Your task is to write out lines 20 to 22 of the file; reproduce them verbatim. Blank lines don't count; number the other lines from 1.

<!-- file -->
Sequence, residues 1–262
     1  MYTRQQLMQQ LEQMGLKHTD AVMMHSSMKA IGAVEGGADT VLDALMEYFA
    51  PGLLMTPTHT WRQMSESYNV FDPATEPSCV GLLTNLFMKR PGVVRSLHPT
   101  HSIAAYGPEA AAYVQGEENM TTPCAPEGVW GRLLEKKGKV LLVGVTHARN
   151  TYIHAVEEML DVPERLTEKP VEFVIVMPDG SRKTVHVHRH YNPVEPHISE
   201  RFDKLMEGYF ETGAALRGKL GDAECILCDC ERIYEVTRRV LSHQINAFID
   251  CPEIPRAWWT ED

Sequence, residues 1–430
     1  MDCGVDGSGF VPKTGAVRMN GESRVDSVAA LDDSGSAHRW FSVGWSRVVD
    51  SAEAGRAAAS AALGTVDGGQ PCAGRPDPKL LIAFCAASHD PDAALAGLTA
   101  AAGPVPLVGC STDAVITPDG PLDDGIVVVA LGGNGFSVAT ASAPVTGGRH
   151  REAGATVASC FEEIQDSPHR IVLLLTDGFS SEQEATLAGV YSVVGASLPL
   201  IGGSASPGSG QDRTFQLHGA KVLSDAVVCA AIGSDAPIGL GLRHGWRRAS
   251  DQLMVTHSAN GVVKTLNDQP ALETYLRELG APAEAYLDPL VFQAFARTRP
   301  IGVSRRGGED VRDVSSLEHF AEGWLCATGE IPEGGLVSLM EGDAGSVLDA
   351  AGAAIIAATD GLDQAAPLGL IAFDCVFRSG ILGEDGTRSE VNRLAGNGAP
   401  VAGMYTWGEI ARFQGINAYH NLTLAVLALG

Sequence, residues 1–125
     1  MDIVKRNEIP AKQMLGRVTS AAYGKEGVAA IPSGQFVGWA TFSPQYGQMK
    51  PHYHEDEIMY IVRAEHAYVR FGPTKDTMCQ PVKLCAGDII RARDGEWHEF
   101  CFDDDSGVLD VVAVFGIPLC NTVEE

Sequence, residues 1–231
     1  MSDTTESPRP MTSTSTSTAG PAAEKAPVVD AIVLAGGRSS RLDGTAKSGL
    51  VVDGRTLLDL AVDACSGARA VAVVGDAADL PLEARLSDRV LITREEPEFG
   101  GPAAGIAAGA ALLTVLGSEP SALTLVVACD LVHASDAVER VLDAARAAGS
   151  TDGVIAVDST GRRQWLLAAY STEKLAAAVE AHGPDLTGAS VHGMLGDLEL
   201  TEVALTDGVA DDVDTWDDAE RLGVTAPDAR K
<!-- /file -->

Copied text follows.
    51  PHYHEDEIMY IVRAEHAYVR FGPTKDTMCQ PVKLCAGDII RARDGEWHEF
   101  CFDDDSGVLD VVAVFGIPLC NTVEE

Sequence, residues 1–231